Wearing Special Glasses Promotes Melatonin Flow for Great Sleep
Most people don’t realize exposing the eyes to ordinary light in the hours before bedtime prevents the body from making melatonin the sleep hormone. In 2001 it was discovered there are special sensors in the eye that don’t affect vision but do control the internal clock and melatonin. They respond most strongly to blue light. Lightbulbs that don’t make blue light and eyeglasses that block it were developed at John Carroll University in 2005 and are available at www.lowbluelights.com.
Putting on the glasses a few hours before bedtime allows melatonin to
start flowing so there is plenty by bedtime. This makes it easy to
fall asleep and sleep more deeply. Glasses are sold with a money back
guarantee. If they don’t help you sleep better we will refund your
money. We have sold thousands of glasses and only a tiny fraction
find they so not help them sleep better.
If people are kept in darkness, melatonin can flow for an average of
11.5 hours. Most Americans are in darkness for only 7 or 8 hours a
night. Melatonin flow is limited by the exposure to ordinary light.
Blind women (continuous darkness) have only about half the incidence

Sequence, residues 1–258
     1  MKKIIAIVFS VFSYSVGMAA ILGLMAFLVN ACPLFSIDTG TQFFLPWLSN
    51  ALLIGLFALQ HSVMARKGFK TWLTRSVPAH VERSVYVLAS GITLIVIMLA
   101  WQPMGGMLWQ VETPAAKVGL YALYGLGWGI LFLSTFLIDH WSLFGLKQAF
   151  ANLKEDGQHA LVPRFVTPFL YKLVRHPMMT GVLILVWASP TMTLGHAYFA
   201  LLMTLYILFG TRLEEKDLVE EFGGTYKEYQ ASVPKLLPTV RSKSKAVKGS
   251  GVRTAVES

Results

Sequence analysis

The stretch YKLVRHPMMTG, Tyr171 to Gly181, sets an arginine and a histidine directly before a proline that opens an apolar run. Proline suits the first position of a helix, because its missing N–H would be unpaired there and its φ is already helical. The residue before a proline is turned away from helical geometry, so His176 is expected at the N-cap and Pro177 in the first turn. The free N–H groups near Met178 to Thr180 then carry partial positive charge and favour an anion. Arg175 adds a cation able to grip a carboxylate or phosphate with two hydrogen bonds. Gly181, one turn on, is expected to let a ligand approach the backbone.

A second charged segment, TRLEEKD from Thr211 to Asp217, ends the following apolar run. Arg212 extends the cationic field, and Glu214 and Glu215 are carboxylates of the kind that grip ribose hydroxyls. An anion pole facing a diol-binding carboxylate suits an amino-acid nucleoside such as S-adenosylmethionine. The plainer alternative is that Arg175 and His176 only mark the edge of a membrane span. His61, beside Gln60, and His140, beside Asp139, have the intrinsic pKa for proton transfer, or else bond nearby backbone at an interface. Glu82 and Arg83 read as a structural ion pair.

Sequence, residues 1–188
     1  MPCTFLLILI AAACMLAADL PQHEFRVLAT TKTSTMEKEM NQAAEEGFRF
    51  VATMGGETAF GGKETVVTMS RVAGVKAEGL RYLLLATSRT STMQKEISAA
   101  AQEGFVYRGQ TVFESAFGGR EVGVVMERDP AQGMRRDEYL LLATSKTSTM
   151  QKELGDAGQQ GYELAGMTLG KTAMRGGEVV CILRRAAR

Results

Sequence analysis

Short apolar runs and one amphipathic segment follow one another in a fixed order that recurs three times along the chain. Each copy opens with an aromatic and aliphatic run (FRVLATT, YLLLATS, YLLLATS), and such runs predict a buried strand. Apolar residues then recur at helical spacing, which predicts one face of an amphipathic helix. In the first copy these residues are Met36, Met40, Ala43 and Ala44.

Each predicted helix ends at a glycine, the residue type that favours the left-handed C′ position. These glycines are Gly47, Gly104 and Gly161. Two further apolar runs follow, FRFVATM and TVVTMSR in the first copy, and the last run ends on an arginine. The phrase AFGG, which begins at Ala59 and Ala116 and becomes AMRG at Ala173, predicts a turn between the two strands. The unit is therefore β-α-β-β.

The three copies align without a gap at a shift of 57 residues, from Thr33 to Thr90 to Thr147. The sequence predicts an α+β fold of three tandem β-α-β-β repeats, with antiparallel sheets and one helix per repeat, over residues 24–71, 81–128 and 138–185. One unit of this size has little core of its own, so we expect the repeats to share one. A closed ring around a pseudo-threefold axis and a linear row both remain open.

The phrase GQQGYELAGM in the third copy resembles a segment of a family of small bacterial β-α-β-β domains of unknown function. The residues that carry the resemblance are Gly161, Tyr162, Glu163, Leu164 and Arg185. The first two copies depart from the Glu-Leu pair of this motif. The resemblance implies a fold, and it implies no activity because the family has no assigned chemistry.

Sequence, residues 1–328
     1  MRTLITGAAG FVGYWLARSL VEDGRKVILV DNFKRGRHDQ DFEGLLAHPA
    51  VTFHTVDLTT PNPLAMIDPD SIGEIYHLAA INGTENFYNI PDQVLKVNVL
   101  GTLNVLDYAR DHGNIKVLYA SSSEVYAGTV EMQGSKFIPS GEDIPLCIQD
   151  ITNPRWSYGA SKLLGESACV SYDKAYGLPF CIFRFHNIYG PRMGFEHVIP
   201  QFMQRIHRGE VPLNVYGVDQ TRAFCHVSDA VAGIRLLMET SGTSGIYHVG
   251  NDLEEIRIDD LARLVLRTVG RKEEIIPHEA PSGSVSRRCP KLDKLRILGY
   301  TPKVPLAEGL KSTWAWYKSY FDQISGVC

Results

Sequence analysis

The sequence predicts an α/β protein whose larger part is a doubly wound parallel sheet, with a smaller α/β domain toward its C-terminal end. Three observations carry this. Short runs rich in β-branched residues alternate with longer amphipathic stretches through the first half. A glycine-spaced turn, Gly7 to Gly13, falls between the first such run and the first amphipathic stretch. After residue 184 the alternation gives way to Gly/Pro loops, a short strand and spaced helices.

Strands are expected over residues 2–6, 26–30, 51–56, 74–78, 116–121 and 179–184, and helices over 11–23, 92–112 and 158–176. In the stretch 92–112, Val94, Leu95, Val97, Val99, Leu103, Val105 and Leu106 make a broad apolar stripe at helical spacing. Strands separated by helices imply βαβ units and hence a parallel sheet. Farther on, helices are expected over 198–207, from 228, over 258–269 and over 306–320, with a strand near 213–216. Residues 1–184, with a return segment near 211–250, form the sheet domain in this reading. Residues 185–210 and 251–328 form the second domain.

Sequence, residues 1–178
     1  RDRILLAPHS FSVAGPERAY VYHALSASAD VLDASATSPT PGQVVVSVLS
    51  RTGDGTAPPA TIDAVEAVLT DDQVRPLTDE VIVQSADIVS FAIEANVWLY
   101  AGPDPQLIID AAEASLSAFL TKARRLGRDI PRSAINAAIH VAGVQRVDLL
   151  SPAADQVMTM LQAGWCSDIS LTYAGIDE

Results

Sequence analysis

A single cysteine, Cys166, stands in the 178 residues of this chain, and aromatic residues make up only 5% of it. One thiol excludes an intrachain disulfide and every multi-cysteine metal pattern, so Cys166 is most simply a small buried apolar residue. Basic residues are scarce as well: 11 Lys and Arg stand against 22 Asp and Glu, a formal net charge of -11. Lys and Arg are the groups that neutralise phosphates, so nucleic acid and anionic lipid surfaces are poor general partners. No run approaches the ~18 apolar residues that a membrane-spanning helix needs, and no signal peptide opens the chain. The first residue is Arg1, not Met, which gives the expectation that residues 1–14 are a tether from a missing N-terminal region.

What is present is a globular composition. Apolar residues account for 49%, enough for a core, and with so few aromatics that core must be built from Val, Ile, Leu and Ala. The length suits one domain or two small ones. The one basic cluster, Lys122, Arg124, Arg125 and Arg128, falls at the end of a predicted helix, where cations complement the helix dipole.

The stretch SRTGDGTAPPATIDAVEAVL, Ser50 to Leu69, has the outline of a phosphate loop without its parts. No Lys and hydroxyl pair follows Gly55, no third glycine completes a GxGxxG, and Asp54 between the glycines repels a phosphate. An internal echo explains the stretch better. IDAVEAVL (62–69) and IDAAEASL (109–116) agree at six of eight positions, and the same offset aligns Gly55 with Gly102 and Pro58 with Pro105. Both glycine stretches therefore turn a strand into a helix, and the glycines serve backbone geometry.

of breast cancer as women with normal vision. Women in countries
without electricity have only about one fifth the rate of breast
Prostate cancer is also greatly reduced in primitive
societies. Maximizing melatonin also reduces the risk of metabolic
syndrome and diabetes. It makes good sense to maximize melatonin
through the use of lightbulbs that don’t make blue light or by
wearing glasses that block blue light. Filters for TV and computer
screens are also available along with filters for iPad screens and for
Dr. Hansler is a physicist. He spent 42 years at GE Lighting
developing brighter and better light bulbs only to discover after
retiring and moving to John Carroll University that light bulbs are
making people sick. He and Dr. Edward Carome and Vilnis Kubulins
developed products that allow people to avoid blue light.